Including a rinse in your daily oral care routine can help prevent or reduce bleeding. Here are a few options.
- Hydrogen Peroxide: Mix one part 3% hydrogen peroxide with two parts water and swish a small amount for 30 seconds or less. This can help enhance gum health while removing plaque.
- Salt Water: Add about half a teaspoon of salt to six ounces of warm water, then swish it for 30 seconds or less before spitting it out. This encourages healing.
- Mouthwash: Look for options that kill bacteria and help to remove plaque. Both features can reduce bleeding gums.
- Turmeric: Much like salt water, you can create a rinse by adding turmeric to some warm water. Since it has anti-inflammatory properties, it can stop bleeding gums.
See Your Dentist Every Six Months
Even the best brushing and flossing will leave some plaque behind, which might turn into tartar. Seeing your dentist twice a year to get this removed will improve your gum and overall oral health. During these appointments, they can catch other issues that cause bleeding gums and offer simple remedies.
Bleeding gums is something that everyone has to deal with at some point. There can be many reasons for it, and while some are more benign than others, there is never a good reason to experience bleeding when flossing.
If you are noticing blood when you floss, work to determine the underlying cause and address it with your dentist.
Frequently Asked Questions
Why is flossing so important?
While toothbrushes can do more than ever, thanks to advancements in electric models, they still cannot get deep into the crevices between the teeth or underneath the gums. Floss goes where bristles can’t, keeping those tough-to-reach places free of plaque.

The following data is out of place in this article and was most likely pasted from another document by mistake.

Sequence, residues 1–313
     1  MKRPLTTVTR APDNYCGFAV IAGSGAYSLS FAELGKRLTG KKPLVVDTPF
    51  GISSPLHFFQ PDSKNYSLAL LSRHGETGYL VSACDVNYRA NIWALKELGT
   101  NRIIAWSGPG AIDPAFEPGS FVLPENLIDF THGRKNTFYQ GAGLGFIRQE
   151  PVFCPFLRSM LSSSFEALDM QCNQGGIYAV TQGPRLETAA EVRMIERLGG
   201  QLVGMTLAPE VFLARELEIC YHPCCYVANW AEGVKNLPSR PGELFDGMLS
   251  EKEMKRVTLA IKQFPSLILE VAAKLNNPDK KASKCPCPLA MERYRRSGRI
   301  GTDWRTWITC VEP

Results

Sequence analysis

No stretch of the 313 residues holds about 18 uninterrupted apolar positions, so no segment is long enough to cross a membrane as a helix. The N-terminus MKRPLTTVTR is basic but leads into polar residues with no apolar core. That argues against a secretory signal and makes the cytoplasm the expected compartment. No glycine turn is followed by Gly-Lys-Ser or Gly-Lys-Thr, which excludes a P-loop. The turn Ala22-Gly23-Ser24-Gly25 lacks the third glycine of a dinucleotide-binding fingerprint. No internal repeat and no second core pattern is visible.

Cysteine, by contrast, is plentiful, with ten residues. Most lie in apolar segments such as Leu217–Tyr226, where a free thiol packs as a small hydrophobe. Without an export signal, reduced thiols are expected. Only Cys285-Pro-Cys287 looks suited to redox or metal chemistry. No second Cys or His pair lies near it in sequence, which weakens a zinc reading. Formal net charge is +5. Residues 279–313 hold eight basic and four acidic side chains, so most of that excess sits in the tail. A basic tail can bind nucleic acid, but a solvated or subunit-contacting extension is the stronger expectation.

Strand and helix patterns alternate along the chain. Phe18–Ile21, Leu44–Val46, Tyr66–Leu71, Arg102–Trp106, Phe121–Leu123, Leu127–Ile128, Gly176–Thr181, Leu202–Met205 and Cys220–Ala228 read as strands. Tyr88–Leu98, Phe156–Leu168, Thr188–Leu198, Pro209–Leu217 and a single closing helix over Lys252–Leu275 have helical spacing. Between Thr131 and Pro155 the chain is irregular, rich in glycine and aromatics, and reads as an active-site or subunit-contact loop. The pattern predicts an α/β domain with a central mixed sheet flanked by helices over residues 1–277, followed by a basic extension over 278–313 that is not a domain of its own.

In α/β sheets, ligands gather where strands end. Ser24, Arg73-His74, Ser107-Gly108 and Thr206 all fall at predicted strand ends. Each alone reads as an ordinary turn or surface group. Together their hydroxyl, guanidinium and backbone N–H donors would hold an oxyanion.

What is the best floss alternative?
It depends on your teeth and preferences. We recommend experimenting, if you can. Interdental brushes are the most affordable alternatives, so start there. If you don’t like those, try a water or air flosser.
Are toothpicks safe to use?
If you use them gently and occasionally to remove a bit of food stuck in your teeth, they’re safe. However, they are not an alternative to floss. They do not effectively clean around the edges of the teeth or along the gum line, and since they have hard, sharp ends, you’ll end up causing damage if you use them often.
Should I brush, floss, or use mouthwash first?
You can choose the order you prefer, but most people floss, then brush, then swish. If you go with this order, flossing will knock debris loose, brushing will remove it, and mouthwash will kill any bacteria left behind.
What age should children start flossing?
It’s more about dexterity than age. Parents should handle the flossing until children have advanced enough fine motor skills that they won’t harm their gums.
What is the best time of day to floss?
You should choose the most convenient time for you. This increases the likelihood that you will remember and decreases the chances that you’ll skip it because of a time crunch.
Should I see my dentist if flossing hurts?
Yes. It’s probably not a serious issue, but it could be. Get checked to rule out bigger issues. If there is nothing dangerous, your dentist can still help by teaching you better techniques.
Why does my floss always break while flossing?
Usually, it’s because you are flossing too hard or aren’t switching to a new section of floss with each tooth, wearing it down. However, chipped teeth and rough edges on restorations can catch floss and break it. If you have old restorations, it might also indicate that the dental cement is weakening and the crowns or fillings are loose.
Can I damage my teeth and gums by flossing?
Yes. If you use the wrong tools (like toothpicks) or too much force, you can damage your teeth and gums.